Equally, as an audience we are invited to see the story through the eyes of the lively and spontaneous Luna, but it soon emerges that her own antidote to the religious nostrums of Amar—i.e., dancing, smoking and drinking in a garish night club until she passes out—is no real alternative. Nevertheless, some of the transitions in the film are too pat—in particular the speed with which the formerly secular Amar embraces extreme religious beliefs.
In both of her feature films, Zbanic has taken up the theme of individuals trying to come to terms with a traumatized society: specifically Bosnia, following the conflicts that erupted after the break-up of the former Yugoslavia at the start of the 1990s.
The director’s main concern, she relates in interviews, is to defend the integrity of the individual against “that ideological ‘somebody’ interfering in someone’s life” (as examples of her ideological “somebody” she names religion, nationalism and socialism). While one can share Zbanic’s concern at the increasing influence of religious sects in Bosnia, her blanket rejection of ideology and her refusal to investigate broader questions leads to an artistic dead end, reflected in the unresolved and unsatisfactory conclusion to On the Path.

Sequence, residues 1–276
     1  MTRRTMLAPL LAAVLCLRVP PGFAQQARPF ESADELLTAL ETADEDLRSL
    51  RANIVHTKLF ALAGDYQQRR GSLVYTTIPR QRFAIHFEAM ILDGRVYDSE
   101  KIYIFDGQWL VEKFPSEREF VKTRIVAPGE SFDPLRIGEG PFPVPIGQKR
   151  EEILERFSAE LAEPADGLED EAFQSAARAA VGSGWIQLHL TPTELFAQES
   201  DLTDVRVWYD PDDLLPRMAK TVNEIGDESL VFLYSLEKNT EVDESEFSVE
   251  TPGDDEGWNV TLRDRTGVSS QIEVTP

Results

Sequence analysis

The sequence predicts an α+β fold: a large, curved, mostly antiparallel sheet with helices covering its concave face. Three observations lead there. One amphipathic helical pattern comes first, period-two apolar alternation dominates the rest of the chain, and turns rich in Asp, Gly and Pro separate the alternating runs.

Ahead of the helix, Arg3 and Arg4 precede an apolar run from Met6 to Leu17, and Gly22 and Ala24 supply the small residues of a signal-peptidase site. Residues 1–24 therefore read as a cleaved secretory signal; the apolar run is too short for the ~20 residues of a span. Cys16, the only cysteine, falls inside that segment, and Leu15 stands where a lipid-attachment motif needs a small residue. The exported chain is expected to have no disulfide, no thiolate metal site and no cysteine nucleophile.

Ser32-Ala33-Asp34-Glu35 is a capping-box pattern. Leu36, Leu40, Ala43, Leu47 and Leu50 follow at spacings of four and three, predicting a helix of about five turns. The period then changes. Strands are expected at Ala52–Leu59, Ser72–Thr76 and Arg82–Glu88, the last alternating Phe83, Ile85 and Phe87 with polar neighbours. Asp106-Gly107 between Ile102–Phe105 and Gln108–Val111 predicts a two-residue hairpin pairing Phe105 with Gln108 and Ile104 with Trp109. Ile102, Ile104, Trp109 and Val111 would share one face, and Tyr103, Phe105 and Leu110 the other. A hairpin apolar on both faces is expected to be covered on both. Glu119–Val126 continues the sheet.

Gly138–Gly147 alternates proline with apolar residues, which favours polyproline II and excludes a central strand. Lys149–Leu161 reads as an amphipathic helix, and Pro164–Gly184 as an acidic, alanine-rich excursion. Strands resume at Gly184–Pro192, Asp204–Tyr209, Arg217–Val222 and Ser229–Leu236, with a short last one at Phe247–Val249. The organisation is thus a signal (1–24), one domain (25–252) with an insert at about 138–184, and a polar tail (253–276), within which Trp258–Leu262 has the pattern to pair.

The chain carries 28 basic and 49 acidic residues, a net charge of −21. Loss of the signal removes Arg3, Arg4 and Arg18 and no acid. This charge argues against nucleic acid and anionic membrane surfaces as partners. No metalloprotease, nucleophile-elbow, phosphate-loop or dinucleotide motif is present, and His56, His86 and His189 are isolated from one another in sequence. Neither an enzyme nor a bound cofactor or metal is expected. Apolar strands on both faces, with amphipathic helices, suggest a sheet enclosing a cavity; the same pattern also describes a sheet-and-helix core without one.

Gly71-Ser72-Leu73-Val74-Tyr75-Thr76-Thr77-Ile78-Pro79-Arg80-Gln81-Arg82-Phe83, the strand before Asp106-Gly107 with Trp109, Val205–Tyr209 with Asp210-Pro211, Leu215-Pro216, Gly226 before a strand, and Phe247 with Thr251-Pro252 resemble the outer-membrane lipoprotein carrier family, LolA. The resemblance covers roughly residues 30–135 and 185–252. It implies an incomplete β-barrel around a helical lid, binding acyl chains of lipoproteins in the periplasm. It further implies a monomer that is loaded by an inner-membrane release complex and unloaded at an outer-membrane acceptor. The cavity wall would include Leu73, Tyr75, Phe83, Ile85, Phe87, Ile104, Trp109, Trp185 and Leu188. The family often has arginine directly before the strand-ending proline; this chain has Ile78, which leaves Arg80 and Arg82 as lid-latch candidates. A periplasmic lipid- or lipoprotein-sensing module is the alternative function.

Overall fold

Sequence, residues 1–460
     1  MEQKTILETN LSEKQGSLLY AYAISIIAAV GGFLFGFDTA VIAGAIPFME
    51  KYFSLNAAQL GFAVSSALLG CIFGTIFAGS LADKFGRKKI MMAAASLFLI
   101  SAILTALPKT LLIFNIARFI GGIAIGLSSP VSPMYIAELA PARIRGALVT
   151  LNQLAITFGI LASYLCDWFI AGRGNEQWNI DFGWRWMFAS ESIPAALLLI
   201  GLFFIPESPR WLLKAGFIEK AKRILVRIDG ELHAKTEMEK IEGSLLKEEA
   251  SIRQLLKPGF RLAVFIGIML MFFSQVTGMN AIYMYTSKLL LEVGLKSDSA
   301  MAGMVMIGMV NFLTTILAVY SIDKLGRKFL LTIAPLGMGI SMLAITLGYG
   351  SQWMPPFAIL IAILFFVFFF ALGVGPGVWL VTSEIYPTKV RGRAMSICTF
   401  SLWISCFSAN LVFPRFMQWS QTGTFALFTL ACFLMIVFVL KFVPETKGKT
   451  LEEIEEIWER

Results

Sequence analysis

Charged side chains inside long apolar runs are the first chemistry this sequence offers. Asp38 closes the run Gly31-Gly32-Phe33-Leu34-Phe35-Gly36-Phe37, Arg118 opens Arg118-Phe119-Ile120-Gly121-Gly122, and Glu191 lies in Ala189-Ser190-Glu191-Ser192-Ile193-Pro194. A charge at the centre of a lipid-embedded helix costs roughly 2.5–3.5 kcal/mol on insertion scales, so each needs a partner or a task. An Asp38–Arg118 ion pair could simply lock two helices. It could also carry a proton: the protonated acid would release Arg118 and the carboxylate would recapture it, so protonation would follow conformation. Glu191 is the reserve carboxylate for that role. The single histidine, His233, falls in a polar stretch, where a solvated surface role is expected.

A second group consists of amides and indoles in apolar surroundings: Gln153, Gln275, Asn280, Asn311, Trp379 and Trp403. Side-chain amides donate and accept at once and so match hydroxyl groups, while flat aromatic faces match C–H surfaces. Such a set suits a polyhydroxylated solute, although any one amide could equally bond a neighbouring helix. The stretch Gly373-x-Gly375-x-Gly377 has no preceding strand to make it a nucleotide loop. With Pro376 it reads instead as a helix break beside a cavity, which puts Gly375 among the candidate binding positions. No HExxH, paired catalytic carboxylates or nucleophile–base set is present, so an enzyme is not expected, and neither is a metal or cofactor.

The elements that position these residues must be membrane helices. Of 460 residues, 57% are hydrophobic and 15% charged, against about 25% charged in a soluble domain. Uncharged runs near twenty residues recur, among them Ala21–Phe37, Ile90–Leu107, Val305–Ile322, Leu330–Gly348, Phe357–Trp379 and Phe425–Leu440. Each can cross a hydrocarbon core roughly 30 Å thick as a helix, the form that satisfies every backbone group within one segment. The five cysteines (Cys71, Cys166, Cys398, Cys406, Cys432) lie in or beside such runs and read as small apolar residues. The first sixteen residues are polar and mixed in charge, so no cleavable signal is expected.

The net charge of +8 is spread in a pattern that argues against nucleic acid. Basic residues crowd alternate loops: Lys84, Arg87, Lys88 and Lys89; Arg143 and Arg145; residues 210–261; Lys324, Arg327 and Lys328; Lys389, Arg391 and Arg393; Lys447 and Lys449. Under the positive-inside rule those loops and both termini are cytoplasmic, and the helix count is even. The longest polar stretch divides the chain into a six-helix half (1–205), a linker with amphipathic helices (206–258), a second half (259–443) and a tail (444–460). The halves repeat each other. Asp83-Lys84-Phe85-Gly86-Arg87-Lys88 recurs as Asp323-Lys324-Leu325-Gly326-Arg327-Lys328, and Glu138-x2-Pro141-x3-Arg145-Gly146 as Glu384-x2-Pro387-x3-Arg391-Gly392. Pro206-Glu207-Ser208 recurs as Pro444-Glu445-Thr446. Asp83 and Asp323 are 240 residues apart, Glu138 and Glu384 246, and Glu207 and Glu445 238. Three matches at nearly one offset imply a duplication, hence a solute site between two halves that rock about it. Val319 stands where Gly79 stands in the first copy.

Shahada, is the first feature film by the young Afghan-German director Burhan Qurbani, and tells the story of three young German-born Muslims who struggle to reconcile their family faith and traditions with a modern, Western lifestyle. The declared aim of Qurbani is to encourage a dialogue over the nature and many forms of Islamist belief. There is something worth investigating here, but far too much is packed into his film.
We experience the second generation German Muslim girl who aborts and is so traumatised by the experience that she turns to fundamentalism. Intermixed is the story of the young Muslim of African origin living with his deeply religious mother who is forced to come to terms with his own homosexuality, and lastly the story of a traumatised (Muslim) policeman falling in love with an undocumented immigrant he had shot in an incident years before.